Painting music


“I am a painter of notes,” says the Young Steinway International artist, Rahel Senn, who was in Bangalore last week. Marking her first visit to India, the pianist of Swedish and Singaporean descent, performed Retour à l'art Brut, a concert comprising self-composed music such as Farewell Waltz, Song of a Magnolia Danseuse, among others, and a masterpiece on the Five Elements Wu Xing at the Mövenpick Hotel and Spa.

Composing music is what she enjoys the most as it gives free reign to her boundless creativity. “A composer fills space with melodies, like a painter fills a blank canvas with colour. I see notes as a palette of colours from which I paint my music. It is not a mechanical process, even though the technical aspects are important,” says Rahel who composed two award winning musicals Totaler Wahnsinn and Sanskaja, when she was 17 and 19, respectively.

Her most memorable performance was at the Singapore Botanical, where she played her composition Wu Xing. “It was an outdoor concert. As soon as I began playing the piece on water, it began to drizzle. When I played fire, it stopped raining. And towards the end of the performance, there emerged a beautiful rainbow. It was magic and it seemed as if life, in that moment, was in perfect harmony.”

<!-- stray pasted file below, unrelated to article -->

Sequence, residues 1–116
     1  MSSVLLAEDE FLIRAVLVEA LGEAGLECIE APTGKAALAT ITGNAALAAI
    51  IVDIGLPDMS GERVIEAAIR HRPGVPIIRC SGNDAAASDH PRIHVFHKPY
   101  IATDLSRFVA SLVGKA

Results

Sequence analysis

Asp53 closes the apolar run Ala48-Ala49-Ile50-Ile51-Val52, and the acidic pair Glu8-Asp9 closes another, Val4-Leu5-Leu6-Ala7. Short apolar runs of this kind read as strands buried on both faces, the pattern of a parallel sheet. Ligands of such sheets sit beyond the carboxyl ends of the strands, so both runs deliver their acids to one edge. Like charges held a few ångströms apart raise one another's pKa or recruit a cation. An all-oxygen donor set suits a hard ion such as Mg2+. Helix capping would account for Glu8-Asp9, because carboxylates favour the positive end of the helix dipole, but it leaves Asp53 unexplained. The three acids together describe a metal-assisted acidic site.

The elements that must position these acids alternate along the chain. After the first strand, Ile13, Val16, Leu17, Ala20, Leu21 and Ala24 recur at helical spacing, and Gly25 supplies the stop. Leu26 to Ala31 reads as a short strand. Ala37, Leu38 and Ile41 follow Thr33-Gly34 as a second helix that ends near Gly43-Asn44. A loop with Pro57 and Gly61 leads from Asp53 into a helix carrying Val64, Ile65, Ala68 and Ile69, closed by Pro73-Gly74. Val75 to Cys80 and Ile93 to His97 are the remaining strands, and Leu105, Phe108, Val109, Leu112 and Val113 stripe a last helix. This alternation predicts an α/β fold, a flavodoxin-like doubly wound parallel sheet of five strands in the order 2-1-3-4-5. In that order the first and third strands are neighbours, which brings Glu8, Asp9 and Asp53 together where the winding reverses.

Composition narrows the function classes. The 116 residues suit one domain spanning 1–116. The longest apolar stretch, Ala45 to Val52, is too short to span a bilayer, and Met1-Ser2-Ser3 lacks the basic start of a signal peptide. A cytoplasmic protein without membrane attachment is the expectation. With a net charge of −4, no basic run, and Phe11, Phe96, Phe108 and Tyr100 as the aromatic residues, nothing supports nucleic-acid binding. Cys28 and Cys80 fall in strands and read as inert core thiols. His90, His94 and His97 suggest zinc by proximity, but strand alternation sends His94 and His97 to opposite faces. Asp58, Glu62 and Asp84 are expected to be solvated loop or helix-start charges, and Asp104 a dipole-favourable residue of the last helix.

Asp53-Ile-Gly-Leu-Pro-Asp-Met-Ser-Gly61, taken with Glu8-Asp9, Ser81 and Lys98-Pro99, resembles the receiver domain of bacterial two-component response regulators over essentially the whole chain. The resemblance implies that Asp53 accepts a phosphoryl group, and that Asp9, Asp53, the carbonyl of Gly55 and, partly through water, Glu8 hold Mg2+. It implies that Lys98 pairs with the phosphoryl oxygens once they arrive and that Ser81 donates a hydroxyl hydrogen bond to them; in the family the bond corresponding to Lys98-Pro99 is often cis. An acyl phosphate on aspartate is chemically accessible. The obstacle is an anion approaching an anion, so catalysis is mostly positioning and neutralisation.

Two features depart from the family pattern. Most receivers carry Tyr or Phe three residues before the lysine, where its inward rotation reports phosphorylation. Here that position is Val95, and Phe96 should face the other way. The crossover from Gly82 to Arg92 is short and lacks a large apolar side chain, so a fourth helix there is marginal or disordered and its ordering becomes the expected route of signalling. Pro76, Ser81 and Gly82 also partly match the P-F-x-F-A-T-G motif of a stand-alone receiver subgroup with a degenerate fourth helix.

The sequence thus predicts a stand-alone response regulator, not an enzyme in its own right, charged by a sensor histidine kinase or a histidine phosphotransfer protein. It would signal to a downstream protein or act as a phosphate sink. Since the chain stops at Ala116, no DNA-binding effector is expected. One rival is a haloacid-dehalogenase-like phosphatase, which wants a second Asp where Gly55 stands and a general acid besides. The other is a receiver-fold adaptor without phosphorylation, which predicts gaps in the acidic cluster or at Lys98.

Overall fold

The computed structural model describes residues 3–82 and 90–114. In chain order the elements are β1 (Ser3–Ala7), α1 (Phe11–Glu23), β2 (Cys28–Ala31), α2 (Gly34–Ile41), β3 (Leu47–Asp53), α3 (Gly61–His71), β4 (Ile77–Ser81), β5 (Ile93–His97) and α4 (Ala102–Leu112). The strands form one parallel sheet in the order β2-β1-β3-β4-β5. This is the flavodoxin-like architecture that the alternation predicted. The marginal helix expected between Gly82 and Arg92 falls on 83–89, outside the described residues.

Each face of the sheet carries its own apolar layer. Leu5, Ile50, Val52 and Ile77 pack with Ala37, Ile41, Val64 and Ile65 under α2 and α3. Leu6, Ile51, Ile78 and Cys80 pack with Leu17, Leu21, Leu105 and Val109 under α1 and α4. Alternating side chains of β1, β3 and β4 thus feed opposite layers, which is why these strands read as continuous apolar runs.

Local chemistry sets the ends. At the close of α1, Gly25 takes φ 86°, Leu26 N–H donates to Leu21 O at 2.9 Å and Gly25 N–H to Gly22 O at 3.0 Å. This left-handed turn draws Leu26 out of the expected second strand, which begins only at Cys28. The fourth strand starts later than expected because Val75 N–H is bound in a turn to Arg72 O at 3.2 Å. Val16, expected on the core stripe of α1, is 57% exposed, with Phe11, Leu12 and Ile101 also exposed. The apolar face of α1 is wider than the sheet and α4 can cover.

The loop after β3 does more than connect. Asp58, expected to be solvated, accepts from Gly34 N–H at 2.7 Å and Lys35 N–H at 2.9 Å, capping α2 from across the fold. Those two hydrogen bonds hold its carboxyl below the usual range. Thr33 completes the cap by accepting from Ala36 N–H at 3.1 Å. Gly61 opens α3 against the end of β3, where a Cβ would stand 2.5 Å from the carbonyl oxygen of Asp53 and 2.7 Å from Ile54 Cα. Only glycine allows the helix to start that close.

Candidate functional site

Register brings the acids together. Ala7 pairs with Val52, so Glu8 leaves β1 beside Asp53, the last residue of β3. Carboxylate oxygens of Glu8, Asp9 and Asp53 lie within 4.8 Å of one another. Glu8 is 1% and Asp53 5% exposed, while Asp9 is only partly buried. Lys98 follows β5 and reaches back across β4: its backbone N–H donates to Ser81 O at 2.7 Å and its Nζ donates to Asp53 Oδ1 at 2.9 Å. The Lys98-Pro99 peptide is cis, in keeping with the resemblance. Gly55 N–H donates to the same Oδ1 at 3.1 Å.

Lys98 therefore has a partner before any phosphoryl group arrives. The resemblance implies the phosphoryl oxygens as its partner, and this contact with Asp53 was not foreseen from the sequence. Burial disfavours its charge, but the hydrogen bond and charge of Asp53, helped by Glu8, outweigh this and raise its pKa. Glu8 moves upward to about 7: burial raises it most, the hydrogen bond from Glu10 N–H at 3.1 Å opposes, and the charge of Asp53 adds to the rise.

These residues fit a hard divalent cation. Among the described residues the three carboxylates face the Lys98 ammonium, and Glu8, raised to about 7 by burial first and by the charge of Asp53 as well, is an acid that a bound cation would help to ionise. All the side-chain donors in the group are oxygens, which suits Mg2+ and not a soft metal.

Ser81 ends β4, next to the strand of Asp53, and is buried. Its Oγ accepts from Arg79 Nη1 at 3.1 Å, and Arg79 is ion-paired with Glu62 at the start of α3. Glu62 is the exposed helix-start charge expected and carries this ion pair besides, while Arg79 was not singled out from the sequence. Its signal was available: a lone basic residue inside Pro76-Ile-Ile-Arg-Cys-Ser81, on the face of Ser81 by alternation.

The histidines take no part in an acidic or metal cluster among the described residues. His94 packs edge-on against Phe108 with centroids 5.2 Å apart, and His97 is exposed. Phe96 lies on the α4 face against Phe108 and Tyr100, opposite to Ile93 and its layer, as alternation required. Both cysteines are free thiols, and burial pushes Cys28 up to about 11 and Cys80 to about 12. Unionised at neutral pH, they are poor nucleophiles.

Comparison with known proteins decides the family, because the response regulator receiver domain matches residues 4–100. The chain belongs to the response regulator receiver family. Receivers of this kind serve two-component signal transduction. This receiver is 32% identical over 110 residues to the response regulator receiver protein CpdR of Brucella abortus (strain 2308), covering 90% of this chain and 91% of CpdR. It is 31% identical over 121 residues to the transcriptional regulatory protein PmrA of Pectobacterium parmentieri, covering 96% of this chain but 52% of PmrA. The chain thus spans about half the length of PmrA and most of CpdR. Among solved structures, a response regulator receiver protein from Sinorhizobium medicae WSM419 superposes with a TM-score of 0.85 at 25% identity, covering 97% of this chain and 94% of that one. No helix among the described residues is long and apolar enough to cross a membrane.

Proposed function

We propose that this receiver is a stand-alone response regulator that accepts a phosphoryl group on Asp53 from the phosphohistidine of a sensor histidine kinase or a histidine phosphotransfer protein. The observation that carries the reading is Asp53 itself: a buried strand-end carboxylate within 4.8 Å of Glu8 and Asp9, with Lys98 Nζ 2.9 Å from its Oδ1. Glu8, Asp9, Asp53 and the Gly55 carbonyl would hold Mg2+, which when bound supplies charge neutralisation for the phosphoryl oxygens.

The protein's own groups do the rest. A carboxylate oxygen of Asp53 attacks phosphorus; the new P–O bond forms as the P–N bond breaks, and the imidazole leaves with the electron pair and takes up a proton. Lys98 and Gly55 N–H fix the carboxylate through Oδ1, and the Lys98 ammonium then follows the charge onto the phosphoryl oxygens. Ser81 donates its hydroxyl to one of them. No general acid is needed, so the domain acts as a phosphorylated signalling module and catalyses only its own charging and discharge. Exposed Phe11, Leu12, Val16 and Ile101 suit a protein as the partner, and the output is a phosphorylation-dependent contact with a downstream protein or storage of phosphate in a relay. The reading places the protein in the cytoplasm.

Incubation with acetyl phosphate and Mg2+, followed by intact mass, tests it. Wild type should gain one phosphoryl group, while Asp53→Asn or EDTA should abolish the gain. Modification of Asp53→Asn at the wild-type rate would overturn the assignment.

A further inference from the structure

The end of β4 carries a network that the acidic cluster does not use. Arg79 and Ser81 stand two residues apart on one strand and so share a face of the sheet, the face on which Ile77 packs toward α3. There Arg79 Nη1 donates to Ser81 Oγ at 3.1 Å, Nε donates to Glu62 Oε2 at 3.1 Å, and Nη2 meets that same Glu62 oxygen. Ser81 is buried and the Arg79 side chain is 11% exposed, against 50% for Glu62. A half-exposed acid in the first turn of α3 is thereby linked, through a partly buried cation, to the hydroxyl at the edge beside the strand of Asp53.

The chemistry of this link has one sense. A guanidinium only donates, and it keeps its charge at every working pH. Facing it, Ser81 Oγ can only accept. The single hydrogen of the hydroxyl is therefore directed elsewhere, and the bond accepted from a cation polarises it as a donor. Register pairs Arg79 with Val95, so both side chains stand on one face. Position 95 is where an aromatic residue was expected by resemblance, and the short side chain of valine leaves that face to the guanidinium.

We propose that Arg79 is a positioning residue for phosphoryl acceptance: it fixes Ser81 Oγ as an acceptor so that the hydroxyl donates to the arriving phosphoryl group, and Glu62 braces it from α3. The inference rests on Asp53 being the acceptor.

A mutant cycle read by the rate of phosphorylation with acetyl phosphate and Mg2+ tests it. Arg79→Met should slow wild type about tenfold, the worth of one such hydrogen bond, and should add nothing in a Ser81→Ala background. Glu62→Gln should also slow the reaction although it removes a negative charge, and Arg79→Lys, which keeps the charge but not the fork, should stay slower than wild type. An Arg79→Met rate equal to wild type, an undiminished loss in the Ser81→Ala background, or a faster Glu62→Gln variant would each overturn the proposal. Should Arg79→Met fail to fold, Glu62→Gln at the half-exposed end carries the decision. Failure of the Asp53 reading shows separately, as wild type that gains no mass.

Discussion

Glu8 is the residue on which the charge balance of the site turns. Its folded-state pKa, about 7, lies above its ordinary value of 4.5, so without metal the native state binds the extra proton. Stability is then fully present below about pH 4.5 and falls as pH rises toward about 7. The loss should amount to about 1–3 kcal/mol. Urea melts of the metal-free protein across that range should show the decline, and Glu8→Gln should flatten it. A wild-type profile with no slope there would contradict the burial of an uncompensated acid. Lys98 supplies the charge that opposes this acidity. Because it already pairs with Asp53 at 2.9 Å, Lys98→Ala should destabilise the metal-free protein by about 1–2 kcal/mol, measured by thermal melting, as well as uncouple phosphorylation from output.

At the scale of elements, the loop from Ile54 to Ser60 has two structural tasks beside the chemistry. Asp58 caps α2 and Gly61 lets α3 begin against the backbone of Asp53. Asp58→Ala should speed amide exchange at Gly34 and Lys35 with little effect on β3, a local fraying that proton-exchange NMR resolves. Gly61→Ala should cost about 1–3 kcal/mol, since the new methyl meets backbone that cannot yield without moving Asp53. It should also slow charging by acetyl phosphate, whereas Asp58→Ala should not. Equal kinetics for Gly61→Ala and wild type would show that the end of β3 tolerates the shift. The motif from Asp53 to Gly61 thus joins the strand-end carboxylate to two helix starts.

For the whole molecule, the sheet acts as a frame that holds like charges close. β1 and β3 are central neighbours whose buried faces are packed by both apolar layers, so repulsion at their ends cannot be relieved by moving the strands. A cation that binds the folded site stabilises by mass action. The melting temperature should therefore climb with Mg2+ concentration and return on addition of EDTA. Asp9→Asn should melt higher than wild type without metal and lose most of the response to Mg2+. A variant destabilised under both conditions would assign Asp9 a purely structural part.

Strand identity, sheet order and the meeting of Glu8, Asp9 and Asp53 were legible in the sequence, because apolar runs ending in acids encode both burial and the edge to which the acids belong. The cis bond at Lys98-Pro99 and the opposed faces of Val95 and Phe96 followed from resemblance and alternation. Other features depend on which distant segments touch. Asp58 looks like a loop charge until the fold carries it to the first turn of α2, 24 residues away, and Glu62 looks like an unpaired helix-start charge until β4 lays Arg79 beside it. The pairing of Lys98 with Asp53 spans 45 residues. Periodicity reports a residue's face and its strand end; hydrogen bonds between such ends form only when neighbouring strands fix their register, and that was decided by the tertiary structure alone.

Even though Rahel is considered a child protégée, and has composed music for two films, theatre productions and five musicals and has to her credit two solo albums, she doesn’t rest on her laurels. Nor does she wax eloquent on her knowledge on music. Instead, she says that her music is inspired by life and people. That music is a job that she chose and that she loves. “Some people think artists or musicians are different or crazy. As an artist, I stay true to myself and go with the flow.”

Rahel’s music is innovative for its combination of pop and Western Classical music. She trained in Classical music at the Conservatory of Lucerne under the tutelage of renowned Russian concert pianist Konstantin Lifschitz. Rahel prefers not to be bound by norms. “The Conservatory had too many rules, I wanted to go beyond that and express myself fully through the piano.”

Rahel loves to perform for children. “Children don’t fake appreciation, their reactions are spontaneous and so it is always interesting to see their response to my music. At a concert once, I had performed a self composed Waltz. It was a serious, almost mechanical piece of music, but the children whom I invited on stage, danced to it!”

Apart from the piano, Rahel likes to play the guitar. When she isn’t composing music, she either paints or reads; she has varied interests. She also loves football and mountain biking.

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Printable version | Nov 27, 2021 5:17:51 PM |

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